UPDATE: Wisconsin Supreme Court hearing case over COVID-19 order
It's been two weeks since the Wisconsin legislature filed an emergency petition with the state's highest court, asking for the current 'Safer at Home' order to be struck down.
The basis for the petition by the legislature is the elected officials in the State Senate and State Assembly should have a say in the emergency order.
Tuesday, the Wisconsin Supreme Court heard the case.
Attorneys for the legislature argued Department of Health Services Secretary-designee Andrea Palm does not have the power to create Emergency Order #28, also known as the 'Safer at Home' order extension.
"We are irreparably harmed as the entity that created DHS and gave it its powers in the first place. The public is also harmed because they get no input through an elected official other than the governor, but consider that the governor has only 60 days to respond. The people have no means to oversee this exercise of power that derives from them in the first place," said Attorney for the Wisconsin Legislature Ryan Walsh.
While Colin Roth, attorney for Andrea Palm, says the DHS Secretary can do whatever is necessary to protect public health.
"The COVID-19 virus is a wildfire that's spreading across the state and DHS is the fire department that the legislature has empowered to fight that fire. And that fire is still burning, it's still smoldering across the state and if we start lifting these restrictions it's going to pop back up," said Roth.
Oral arguments lasted for around an hour and a half between the two attorneys.
The justices also went back and forth on interpretations of the law.
"Where in the constitution did the people of Wisconsin confer authority on a single unelected cabinet secretary to compel almost 6 million people to stay at home and close their businesses and face imprisonment if they don't comply with no input from the legislature, without the consent of the people," said Justice Rebecca Bradley.
"Is the legislature as a legislative body, the entity that brings those type of issues before us. That puts a framework upon the boundaries are for violation of rights. How can the legislature step in on behalf of someone, an individual, and make those claims," said Justice Rebecca Dallet.
The seven justices went into closed session to discuss the case Tuesday afternoon.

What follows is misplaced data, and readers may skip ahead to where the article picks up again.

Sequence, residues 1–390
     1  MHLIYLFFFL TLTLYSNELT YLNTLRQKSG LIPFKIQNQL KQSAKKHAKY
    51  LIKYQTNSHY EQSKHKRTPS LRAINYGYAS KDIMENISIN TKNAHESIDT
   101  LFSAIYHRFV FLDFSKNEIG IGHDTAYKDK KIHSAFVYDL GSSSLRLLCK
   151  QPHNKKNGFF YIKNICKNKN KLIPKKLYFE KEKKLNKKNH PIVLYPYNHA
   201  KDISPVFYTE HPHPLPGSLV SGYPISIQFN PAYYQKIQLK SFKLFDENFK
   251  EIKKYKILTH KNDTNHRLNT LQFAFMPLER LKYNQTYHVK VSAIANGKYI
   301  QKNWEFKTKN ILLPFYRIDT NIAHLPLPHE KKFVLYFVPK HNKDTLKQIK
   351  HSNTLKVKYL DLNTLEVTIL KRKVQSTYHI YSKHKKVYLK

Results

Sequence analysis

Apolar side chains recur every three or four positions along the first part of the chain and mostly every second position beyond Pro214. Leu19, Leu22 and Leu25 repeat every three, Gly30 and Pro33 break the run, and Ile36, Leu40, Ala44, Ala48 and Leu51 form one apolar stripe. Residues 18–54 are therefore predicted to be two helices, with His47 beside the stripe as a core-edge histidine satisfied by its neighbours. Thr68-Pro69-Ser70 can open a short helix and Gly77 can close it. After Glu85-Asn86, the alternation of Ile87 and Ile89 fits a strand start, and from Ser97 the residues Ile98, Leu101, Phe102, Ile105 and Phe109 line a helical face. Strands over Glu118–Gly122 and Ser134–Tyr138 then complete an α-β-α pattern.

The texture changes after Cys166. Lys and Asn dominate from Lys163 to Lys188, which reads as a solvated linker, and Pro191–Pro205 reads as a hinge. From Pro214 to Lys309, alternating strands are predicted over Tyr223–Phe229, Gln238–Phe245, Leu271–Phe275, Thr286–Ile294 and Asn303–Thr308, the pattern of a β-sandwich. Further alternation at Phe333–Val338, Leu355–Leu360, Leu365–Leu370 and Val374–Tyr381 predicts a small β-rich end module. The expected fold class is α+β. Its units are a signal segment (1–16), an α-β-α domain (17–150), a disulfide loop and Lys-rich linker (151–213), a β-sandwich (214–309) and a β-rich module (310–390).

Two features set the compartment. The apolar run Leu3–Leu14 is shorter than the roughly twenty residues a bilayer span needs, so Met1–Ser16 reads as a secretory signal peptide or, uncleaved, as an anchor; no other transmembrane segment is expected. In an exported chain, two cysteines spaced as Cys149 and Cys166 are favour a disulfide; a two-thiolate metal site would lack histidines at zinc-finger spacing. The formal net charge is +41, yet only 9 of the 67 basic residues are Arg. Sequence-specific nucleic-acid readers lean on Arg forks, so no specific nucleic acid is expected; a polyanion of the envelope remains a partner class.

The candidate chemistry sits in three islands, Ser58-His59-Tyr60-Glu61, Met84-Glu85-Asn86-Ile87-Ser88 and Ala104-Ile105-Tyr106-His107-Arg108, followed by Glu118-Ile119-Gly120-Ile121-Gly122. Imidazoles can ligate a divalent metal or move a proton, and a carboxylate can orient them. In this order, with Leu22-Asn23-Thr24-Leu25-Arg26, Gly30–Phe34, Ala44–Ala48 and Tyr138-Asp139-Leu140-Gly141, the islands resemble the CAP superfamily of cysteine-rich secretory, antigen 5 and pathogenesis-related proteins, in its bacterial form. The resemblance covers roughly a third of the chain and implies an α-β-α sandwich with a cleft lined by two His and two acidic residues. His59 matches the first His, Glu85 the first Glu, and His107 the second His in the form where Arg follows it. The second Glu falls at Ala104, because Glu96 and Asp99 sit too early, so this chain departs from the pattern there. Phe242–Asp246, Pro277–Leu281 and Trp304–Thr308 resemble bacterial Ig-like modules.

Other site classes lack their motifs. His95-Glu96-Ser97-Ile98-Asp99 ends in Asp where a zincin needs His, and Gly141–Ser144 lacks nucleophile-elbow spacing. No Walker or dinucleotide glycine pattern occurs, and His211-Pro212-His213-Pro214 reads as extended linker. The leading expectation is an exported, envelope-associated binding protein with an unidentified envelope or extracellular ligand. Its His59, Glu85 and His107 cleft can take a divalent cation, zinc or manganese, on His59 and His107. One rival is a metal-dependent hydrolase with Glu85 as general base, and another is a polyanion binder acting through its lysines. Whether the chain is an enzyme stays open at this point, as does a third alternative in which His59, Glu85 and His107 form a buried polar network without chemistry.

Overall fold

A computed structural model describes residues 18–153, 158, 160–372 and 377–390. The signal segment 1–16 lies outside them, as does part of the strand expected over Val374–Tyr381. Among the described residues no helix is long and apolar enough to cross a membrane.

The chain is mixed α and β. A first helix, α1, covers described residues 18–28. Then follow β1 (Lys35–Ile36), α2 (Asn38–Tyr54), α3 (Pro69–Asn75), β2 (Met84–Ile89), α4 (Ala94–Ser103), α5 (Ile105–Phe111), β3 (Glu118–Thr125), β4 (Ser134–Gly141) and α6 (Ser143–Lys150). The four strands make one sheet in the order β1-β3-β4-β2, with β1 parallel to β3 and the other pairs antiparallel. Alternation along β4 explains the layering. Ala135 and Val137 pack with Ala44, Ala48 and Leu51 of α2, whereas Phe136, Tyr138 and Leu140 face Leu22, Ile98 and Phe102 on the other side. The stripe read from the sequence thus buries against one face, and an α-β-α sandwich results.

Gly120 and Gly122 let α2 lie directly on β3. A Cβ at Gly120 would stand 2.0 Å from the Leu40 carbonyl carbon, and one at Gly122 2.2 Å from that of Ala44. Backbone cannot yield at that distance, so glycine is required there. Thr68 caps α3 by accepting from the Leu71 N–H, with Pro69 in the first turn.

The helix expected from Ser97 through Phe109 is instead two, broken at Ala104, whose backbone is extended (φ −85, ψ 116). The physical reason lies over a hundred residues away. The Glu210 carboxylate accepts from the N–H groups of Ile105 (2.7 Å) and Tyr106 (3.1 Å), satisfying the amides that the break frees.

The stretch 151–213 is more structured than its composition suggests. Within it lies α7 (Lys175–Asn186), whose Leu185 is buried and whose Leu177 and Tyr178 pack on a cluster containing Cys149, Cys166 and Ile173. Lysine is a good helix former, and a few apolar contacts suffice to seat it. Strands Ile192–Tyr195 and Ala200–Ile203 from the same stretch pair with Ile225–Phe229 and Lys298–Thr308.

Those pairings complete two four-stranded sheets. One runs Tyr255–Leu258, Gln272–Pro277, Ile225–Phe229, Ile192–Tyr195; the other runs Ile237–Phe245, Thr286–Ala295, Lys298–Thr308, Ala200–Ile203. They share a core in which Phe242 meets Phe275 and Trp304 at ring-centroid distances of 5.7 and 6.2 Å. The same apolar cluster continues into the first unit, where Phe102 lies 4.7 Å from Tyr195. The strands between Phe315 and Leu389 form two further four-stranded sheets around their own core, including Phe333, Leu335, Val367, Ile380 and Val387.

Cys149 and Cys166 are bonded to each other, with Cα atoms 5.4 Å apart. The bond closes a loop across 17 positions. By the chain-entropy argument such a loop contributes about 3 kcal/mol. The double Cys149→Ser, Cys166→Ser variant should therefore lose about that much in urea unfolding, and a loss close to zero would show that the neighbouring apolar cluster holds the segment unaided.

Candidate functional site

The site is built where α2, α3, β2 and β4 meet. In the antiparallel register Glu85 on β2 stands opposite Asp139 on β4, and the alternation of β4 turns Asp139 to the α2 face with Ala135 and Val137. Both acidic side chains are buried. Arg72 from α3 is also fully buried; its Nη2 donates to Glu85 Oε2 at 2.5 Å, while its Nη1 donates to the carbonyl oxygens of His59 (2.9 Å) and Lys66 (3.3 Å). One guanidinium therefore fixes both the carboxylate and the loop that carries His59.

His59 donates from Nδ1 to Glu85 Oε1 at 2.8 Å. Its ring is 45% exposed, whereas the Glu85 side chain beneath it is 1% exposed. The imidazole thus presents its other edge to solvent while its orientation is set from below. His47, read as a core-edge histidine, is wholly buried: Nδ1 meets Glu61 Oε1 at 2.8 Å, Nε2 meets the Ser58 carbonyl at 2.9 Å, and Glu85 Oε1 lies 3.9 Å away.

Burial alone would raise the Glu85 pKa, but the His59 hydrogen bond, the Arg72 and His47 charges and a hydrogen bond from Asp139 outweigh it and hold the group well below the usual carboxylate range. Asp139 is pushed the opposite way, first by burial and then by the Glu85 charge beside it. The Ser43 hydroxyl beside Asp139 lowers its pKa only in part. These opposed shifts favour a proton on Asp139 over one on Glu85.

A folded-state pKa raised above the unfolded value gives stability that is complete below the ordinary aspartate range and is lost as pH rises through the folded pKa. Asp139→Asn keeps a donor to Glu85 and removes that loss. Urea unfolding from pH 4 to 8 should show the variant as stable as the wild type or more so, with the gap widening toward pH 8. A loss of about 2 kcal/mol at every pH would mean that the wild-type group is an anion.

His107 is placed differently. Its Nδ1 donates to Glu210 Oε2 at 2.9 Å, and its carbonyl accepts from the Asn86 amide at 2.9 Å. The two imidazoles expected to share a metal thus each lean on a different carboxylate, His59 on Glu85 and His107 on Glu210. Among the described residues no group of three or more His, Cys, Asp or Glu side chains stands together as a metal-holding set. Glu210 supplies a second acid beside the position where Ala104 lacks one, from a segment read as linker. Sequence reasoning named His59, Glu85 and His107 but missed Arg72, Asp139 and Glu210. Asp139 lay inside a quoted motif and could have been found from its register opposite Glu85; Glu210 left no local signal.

If the injunction is granted and the 'Safer at Home' extension is overruled, there would be a six day stay of the current order so the DHS and legislative leaders can work to make a new order in its place.
To see the oral arguments on the lawsuit in its entirety
MADISON, Wis. (AP) - Conservative justices on the Wisconsin Supreme Court are casting doubt about the power of Gov. Tony Evers' health secretary to issue a "safer-at-home" order closing most nonessential businesses in the state.
The court held oral arguments in the case Tuesday. Republican legislative leaders want the court to block the order issued by Department of Health Services Secretary Andrea Palm. They argue that Palm exceeded her authority in issuing the stay-at-home order that's set to run until May 26.
Justices on the conservative-controlled court questioned what would happen if they invalidated the order immediately. Assistant Attorney General Colin Roth said "people will die" if the order is repealed with nothing to replace it.
Justice Rebecca Bradley had some of the sharpest questions for Roth, saying she did not think the state health secretary had the power to compel people to remain at home and force businesses to close.
MADISON, Wis. (WEAU)--The future of Wisconsin's "safer at home" order that sets to run until May 26 is at stake in a case brought by Republican lawmakers being heard by the conservative-controlled state Supreme Court.
The case being argued Tuesday seeks to block the stay-at-home order issued last month by Evers' health department secretary as a way to slow the spread of the coronavirus.
The order closing most nonessential businesses was issued under powers of the state health secretary to deal with outbreaks of communicable diseases.
Republicans argued that Department of Health Services Secretary Andrea Palm exceeded her authority with the order.